Sunday, December 05, 2004

My mind is full of holes.

I was chatting today about book lists. I have mentioned before that I dislike buying non-shelfworthy books. This means I use the hell out of whatever library is available. (Alas for the impending end of my institutional library privileges! I have a feeling the local public library of my future residence is less well-stocked than what I am used to.) Returning the library books, however, means they pass out of my life quickly and only leave whatever random scraps catch in my unreliable memory. This makes things especially difficult when I attempt to reflect back and try to make some arbitrary classification, like the best book I have ever read. I have read a lot of great books, but sometimes I forget that I have read them until someone else mentions how fabulous they are.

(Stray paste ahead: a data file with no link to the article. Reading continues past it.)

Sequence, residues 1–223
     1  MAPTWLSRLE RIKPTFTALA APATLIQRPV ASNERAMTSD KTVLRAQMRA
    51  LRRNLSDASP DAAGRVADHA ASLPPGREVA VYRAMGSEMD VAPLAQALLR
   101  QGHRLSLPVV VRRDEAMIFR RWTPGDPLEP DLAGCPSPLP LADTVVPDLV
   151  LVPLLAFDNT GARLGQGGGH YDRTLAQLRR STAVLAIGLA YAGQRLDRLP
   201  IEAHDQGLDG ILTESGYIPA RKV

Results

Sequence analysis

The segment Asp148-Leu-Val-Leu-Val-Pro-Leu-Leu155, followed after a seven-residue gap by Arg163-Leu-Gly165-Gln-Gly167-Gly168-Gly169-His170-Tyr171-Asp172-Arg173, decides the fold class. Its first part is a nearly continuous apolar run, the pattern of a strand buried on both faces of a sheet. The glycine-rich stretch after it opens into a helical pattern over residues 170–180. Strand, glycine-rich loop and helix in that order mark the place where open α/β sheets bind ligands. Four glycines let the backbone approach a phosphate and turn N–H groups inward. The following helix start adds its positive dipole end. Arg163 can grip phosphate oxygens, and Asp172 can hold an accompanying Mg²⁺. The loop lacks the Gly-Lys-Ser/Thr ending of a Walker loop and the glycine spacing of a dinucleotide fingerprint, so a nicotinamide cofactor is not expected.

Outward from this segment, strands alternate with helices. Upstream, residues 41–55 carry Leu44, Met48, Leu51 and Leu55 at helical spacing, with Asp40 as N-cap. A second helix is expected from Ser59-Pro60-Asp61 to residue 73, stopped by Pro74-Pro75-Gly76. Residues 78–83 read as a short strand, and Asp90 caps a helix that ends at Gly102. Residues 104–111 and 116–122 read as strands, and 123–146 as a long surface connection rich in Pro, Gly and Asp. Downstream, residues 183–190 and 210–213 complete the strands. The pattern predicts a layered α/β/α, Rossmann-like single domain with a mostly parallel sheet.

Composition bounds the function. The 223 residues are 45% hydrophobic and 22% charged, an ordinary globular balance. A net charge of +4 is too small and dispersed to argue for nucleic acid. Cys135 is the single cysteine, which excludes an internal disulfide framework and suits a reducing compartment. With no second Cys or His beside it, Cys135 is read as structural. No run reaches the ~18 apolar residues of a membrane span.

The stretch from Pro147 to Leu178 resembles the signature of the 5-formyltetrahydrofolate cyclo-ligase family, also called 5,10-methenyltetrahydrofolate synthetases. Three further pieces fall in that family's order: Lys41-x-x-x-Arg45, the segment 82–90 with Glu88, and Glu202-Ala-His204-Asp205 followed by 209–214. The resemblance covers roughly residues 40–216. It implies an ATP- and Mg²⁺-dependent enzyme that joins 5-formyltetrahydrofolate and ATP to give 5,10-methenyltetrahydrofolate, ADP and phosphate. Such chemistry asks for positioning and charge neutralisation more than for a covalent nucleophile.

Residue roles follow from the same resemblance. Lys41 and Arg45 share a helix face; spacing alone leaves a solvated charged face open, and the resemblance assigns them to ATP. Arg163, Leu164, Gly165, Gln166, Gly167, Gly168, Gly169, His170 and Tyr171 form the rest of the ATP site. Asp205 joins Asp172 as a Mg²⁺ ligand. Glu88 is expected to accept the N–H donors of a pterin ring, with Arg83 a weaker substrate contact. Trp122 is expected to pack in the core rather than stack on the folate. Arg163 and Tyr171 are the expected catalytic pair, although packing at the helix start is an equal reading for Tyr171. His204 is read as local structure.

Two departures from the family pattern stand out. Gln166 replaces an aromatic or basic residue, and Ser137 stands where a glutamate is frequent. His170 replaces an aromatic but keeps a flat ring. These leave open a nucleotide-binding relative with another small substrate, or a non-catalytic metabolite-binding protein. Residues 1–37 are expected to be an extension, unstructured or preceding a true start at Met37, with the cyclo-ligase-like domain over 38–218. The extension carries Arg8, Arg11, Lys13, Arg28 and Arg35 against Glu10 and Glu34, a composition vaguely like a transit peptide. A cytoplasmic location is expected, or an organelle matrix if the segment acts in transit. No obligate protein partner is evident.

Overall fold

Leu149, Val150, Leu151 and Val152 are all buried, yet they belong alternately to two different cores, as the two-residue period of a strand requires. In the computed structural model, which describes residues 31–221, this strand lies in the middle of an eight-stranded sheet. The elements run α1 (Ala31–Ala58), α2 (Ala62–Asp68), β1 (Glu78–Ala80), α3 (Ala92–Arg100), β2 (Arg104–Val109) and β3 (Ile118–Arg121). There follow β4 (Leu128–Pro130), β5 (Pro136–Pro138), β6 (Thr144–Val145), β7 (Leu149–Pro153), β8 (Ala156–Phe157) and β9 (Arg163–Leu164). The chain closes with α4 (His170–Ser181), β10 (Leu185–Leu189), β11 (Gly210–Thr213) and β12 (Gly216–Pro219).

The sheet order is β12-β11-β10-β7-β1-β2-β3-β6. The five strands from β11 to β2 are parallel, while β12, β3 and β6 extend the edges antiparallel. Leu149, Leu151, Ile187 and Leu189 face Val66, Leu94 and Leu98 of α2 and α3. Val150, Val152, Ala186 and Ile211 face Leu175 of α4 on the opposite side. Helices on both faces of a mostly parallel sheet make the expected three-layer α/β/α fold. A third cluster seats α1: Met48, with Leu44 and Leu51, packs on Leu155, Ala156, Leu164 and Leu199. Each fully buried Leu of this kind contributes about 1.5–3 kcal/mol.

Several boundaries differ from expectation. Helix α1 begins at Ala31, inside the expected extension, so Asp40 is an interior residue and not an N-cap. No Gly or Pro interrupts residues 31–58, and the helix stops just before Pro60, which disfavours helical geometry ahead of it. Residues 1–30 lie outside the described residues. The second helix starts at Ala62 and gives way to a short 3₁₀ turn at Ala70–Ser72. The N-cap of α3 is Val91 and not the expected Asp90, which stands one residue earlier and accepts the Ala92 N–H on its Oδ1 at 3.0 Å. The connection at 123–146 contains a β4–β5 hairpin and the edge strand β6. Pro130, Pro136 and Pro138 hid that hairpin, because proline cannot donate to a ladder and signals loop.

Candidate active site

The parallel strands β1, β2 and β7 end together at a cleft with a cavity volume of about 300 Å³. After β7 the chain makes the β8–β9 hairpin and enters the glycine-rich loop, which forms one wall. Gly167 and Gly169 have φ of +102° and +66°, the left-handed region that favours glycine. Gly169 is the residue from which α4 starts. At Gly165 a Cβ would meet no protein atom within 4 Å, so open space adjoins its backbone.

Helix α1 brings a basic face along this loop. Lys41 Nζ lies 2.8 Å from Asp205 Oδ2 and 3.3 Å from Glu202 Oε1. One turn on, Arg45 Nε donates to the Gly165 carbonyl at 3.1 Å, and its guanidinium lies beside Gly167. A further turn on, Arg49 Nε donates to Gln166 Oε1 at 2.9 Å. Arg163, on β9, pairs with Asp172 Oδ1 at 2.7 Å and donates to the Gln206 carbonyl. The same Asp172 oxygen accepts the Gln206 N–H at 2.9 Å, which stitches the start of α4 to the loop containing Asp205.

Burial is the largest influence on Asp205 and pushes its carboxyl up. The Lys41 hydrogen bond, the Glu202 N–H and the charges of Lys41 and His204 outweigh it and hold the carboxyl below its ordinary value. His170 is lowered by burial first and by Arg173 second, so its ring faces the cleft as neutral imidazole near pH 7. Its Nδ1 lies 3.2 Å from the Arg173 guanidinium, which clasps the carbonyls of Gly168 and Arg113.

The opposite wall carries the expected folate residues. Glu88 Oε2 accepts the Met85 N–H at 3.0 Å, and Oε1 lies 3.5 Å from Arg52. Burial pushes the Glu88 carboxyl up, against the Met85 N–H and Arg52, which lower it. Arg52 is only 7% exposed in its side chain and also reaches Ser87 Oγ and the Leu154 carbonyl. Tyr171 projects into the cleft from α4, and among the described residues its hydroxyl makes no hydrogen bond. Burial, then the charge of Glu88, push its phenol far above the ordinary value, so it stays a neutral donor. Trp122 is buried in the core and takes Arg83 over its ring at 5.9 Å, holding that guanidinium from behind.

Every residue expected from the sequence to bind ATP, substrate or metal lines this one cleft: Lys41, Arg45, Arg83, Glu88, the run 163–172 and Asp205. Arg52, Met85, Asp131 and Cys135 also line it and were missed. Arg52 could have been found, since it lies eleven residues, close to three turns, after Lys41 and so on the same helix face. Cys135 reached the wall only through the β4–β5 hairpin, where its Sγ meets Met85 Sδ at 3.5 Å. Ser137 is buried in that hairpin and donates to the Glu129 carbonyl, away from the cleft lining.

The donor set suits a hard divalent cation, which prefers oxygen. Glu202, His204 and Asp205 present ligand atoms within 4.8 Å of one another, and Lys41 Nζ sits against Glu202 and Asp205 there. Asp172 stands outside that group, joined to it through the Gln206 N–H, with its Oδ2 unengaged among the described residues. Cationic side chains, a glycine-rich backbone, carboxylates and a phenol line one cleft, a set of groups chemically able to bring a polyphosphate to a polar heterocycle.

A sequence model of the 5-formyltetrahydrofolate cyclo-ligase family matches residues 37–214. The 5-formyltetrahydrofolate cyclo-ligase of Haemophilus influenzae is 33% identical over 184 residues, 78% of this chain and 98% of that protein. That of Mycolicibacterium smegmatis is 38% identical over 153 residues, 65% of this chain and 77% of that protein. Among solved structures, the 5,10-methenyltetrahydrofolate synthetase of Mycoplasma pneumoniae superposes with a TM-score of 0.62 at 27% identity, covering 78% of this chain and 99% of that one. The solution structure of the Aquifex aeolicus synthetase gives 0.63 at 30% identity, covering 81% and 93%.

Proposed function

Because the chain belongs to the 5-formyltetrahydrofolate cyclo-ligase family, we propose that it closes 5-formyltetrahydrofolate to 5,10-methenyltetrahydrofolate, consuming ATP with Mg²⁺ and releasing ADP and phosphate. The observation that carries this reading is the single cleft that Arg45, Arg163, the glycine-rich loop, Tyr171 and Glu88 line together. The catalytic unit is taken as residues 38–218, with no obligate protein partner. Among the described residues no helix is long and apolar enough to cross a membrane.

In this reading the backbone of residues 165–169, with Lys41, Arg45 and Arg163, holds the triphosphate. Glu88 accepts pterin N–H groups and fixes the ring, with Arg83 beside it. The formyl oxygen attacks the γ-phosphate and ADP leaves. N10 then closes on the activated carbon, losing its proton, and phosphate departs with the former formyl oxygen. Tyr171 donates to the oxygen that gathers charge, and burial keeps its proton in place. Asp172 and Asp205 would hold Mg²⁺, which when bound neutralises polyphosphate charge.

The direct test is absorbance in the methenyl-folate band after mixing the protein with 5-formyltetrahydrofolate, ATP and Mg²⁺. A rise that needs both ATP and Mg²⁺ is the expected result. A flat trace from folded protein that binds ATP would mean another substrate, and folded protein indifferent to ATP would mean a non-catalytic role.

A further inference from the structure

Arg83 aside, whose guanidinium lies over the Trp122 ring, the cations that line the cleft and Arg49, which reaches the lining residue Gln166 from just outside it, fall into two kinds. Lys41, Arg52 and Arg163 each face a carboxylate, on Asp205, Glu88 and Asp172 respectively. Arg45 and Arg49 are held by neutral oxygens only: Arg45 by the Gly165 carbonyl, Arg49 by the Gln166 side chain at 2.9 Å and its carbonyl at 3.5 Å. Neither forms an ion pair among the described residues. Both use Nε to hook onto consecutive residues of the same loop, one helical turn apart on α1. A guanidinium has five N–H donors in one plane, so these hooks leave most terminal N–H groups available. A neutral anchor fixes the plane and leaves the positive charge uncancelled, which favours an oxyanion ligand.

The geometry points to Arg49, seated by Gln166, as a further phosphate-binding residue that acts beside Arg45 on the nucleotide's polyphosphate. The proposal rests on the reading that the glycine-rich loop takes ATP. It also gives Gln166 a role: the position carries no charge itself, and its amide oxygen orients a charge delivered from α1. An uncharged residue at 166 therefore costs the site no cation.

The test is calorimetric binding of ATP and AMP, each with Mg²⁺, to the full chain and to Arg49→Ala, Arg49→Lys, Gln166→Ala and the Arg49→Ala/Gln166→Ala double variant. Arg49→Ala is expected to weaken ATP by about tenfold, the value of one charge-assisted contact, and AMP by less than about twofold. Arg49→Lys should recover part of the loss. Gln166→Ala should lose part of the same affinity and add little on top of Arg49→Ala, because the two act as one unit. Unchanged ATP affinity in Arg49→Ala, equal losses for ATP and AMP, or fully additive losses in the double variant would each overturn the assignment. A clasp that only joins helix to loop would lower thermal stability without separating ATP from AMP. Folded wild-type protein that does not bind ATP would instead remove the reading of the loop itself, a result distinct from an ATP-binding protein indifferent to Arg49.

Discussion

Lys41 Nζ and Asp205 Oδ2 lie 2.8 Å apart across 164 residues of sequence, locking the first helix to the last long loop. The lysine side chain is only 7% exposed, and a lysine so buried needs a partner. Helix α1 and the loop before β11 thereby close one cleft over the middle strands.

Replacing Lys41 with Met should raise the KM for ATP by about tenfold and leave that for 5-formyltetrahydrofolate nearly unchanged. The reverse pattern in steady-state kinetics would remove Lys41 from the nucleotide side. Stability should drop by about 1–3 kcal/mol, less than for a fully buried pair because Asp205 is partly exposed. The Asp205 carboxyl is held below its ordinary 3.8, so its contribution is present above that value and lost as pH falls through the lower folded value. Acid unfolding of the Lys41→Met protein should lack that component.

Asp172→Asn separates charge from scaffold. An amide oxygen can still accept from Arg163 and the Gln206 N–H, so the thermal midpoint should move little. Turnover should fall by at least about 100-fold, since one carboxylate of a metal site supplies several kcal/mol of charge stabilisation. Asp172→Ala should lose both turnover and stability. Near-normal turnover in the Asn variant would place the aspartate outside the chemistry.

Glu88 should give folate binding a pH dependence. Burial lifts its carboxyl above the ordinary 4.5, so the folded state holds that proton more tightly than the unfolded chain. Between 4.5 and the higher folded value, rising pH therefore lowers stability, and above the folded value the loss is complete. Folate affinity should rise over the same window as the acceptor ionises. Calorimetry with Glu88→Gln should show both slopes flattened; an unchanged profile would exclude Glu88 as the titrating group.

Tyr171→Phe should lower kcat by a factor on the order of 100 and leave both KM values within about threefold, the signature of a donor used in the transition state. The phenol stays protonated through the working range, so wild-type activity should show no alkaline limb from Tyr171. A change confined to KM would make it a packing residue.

Some people solve this problem by making book lists or buying all the books they read. Either method gives you a constant reminder of what books you've brought into your life, and the latter makes it easy to be reminded of the pleasures of an old friend. At present I have a mental mishmash that could be compared to a disorganized photo album full of unlabeled pictures of places I've been. A lot of the SF/fantasy has bled together - the literary equivalent of not being able to remember whether that cathedral was in Florence or Pisa.

All of this is a rambling prologue to my own book list. It includes all the books I could think of, off the top of my head, that I've read since starting college. If there's something that you just can't believe isn't on there, leave a comment mocking how poorly read I am. It might be that I have read your book, in which case I will add it to the list. If not, you get to make me admit that I'm an ignoramus.

UPDATE: I have realized that this isn't a list of books I have read since college; I did take courses in which I had to read dozens of books, and I intentionally omitted them from this list. Perhaps this is more a list of pleasure reading, or books I am glad to have chosen to read. Its comprehensiveness has been sacrificed for subjectivity.
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